August 11, 2006
Seeking surveys of sentencing attitudes
As detailed here, the National Center for State Court (NCSC) will soon be publishing the results of two intriguing surveys about attitudes concerning sentencing reform. One survey posed a series of pointed questions to state chief justices and court administrators; the other posed a series of general questions to members of the public. At the great new blog Corrections Sentencing, Mike Connelly's has this post on sentencing commissions that draws on the results of the "insiders" survey, and this post discussing the results of the "outsider" survey.
Steve Chanenson and I are organizing a forthcoming issue of the Federal Sentencing Reporter around these surveys and what should be taken away from them (especially during an election season). And we thought it might be useful to compare the recent NCSC surveys with major prior works on insider and outsider perceptions and attitudes about sentencing and modern reforms.
The US Sentencing Commission has completed some interesting survey work about the federal sentencing system. For example, this report discusses the results of a 2002 survey of Article III judges, and this report discusses the results of a 1994 national sample survey of public opinions on sentences for federal crimes. But I am sure there have been other surveys of attitudes about sentencing trends (or sentencing in particular jurisdictions) that I have not seen or have forgotten.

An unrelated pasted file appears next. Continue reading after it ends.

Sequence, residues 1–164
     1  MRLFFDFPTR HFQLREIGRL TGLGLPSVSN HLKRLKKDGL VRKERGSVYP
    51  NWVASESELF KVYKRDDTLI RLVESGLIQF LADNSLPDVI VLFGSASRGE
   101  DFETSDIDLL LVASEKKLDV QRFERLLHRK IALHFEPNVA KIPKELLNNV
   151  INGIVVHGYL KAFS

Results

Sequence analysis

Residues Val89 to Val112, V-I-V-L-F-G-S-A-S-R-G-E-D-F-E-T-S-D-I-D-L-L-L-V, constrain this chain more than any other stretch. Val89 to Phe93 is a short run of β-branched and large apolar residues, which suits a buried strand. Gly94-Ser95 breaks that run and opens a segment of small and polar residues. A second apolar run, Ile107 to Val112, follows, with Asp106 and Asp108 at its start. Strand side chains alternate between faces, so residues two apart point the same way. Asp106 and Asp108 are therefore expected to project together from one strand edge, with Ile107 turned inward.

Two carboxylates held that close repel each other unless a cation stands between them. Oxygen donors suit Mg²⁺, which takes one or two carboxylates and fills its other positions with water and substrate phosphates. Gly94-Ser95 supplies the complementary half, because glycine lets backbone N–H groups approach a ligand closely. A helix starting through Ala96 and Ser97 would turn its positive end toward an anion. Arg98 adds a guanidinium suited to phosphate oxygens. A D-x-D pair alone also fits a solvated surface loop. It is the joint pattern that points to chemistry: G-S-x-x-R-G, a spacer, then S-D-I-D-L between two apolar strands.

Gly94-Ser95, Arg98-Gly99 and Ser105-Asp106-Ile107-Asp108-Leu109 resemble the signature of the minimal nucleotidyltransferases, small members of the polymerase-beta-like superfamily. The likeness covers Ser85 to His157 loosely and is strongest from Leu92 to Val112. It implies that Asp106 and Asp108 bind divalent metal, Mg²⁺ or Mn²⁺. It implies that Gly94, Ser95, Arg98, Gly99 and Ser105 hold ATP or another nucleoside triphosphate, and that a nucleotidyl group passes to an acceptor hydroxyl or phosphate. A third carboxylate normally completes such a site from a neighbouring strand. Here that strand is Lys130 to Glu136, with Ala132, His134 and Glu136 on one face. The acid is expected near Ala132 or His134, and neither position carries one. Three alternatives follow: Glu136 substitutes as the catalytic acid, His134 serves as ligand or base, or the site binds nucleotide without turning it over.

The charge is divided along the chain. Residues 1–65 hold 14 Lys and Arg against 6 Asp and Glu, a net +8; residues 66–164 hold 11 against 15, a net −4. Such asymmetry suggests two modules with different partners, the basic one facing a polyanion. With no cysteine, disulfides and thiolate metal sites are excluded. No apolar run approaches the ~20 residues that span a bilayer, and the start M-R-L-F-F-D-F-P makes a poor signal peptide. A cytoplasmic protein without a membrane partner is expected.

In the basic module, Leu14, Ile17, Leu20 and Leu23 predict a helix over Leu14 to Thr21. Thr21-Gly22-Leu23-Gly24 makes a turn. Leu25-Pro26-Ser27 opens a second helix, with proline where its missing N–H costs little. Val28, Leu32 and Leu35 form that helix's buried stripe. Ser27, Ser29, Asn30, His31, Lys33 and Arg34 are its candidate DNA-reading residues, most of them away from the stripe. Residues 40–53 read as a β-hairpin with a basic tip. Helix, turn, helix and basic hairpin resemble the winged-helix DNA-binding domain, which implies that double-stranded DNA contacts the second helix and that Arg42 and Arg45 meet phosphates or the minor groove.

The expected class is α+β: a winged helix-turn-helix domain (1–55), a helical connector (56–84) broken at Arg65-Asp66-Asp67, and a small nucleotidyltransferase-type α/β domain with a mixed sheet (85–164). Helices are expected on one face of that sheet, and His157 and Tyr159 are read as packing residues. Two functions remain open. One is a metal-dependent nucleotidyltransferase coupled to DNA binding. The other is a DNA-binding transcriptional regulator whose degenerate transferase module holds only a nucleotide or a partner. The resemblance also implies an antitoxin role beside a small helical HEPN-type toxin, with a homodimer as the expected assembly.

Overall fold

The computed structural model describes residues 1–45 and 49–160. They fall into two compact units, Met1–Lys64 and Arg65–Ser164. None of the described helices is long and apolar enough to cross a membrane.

So, here's a Friday bleg: can folks through comments to this post (or via e-mail here) let me know about any sound and/or interesting surveys of attitudes concerning sentencing and modern reforms? Thanks.
August 11, 2006 at 12:51 PM | Permalink
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I wonder if the solution isn't to make sentencing commissions pure research organs, rather than to give them more power.
We already had sentencing guidelines. They are contained in the statutes making conduct criminal. Well, they're generally more than guidelines, but that isn't always the case. For example, Colorado allows certain judicial deviations from the statutory sentences for certain classes of felonies, for example, in extreme situations.
Guidelines also don't address problems like mandatory minimums.
Why have two parallel systems of sentencing law?
Armed with good data about who is in prison or jail, how long, and under what circumstances, legislators can propose changes in legal sentence for crimes themselves.
The truth of the matter is that a very subset of all criminal statutes account for the vast majority of cases and also set the tone. This is particularly true in federal practice. Why require the exhaustive regulatory process to its thing, when aside from data, a legislative aide can draft a statute in a week that addresses 90% of the problem.
The notion that experts on commissions are less partisan has not panned out.
Posted by: ohwilleke | Aug 11, 2006 6:00:17 PM